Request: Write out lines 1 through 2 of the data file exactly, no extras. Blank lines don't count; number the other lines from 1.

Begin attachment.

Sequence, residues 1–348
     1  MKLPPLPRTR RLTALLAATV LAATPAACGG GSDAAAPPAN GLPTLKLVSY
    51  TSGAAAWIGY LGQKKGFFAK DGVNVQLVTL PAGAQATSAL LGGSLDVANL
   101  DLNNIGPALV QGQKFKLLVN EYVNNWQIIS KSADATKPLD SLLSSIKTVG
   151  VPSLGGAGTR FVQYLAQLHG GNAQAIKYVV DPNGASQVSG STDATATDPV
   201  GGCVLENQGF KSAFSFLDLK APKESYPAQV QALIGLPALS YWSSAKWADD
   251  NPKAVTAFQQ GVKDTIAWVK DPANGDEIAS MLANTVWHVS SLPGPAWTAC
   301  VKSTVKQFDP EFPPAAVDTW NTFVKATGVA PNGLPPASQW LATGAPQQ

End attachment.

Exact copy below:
Sequence, residues 1–348
     1  MKLPPLPRTR RLTALLAATV LAATPAACGG GSDAAAPPAN GLPTLKLVSY